Second Lieutenant Thomas Pargetter Jones was killed in action on 31st October 1918 whilst serving in France with the Royal Air Force. He was the third of three brothers to be killed in the war – younger brothers Charles Victor (1892-1916) and Collins Jeffreys (1893-1916) enlisted in the 1st Birmingham Pals together on 1st January 1915 and died within hours of each other on 22nd/23rd July 1916.
Born in Hill House, Netherton, Dudley on 5th October 1885, he was the eldest of ten children born to parents Thomas (a farmer who later became a haulage contractor) and Alice Olivia (née Baker) who had married in Kidderminster in 1884. The family had moved to Northfield by 1901 and to Hampton-in-Arden by 1911, although Thomas Pargeter Jones had left the family home by this date and was boarding in Dundalk, Ireland where he was working as a mechanical engineer.
He married Margaret McKenna in Dundalk in 1911. He apparently worked for Mercedes and Rolls Royce as a motor engineer before enlisting in the Royal Navy on 17th November 1914 as a Petty Officer Mechanic. He was promoted to the rank of Chief Petty Officer on 1st September 1917 before being discharged to temporary commission with the Royal Air Force on 31st March 1918.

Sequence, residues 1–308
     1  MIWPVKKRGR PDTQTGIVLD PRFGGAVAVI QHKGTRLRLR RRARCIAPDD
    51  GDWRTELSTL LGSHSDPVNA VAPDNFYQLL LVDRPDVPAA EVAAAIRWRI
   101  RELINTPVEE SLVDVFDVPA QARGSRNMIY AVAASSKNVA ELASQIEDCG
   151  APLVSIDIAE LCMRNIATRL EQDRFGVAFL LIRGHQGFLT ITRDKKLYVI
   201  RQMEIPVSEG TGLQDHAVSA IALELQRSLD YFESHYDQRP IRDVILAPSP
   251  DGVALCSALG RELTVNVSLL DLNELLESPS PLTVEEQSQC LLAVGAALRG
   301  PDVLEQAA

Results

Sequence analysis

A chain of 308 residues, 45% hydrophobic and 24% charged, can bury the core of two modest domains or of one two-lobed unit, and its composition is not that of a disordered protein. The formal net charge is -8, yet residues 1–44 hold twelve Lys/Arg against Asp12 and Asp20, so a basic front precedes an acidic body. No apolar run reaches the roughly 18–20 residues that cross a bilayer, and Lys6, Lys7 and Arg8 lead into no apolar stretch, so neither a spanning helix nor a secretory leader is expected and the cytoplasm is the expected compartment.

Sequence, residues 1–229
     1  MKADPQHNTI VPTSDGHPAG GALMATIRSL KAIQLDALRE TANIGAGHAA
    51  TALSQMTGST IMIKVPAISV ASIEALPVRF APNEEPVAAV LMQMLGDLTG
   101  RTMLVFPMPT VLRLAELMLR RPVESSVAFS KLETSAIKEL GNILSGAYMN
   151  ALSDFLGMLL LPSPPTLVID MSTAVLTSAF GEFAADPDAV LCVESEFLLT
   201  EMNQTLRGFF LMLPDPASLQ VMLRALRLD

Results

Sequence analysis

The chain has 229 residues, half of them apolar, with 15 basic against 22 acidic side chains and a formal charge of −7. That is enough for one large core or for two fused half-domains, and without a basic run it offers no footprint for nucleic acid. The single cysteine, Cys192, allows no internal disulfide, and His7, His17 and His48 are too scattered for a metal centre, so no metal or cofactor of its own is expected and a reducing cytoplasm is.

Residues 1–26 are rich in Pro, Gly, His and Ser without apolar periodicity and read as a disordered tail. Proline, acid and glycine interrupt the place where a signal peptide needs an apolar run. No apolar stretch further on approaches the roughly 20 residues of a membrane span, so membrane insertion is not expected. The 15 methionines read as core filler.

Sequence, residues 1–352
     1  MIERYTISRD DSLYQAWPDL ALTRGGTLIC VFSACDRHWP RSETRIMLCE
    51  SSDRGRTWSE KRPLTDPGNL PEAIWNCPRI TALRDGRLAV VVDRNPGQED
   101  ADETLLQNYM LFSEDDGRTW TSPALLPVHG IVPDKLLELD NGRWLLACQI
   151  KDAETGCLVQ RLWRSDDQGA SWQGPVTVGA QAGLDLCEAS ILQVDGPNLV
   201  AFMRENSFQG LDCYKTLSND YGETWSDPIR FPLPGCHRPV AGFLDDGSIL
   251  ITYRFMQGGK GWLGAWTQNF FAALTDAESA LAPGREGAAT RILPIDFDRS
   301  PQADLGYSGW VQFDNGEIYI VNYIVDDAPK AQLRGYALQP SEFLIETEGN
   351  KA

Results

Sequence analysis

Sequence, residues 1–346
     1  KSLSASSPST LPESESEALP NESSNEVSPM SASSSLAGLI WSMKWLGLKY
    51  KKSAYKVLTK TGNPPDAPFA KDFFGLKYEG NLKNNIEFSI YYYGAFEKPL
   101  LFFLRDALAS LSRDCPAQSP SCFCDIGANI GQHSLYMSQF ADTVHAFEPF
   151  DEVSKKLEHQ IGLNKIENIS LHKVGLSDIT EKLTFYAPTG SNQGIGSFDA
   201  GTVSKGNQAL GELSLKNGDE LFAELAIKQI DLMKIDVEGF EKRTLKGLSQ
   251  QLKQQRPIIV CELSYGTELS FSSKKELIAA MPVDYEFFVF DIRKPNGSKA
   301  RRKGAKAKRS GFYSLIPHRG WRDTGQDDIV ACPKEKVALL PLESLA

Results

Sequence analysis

On 31st October 1918, a night bomber (FE2b A6518) crashed as it taxied on a test and burst into flames as one of the bombs loosened and dropped. The pilot, Captain Frederick Woodcock MC was apparently trapped and killed, although his Observer, JB Murray was blown clear. Despite being injured himself, Murray tried to free Captain Woodcock from the cockpit and was later awarded the Albert Medal for his bravery. Second Lieutenant Thomas Pargeter Jones, the unit’s Equipment Officer, ran to the burning wreckage to try to help but, was driven back by the flames. Then, the 112lb bomb on board the aircraft exploded, killing him instantly. He was awarded the MBE in the 1919 New Year’s Honours List.
He is buried in Roisel Communal Cemetery Extension and is commemorated locally on war memorials at Hampton-in-Arden and Bickenhill. He is also commemorated on war memorials at Bewdley and Wribbenhall, Worcestershire – presumably as a result of his mother having moved there by 1918.
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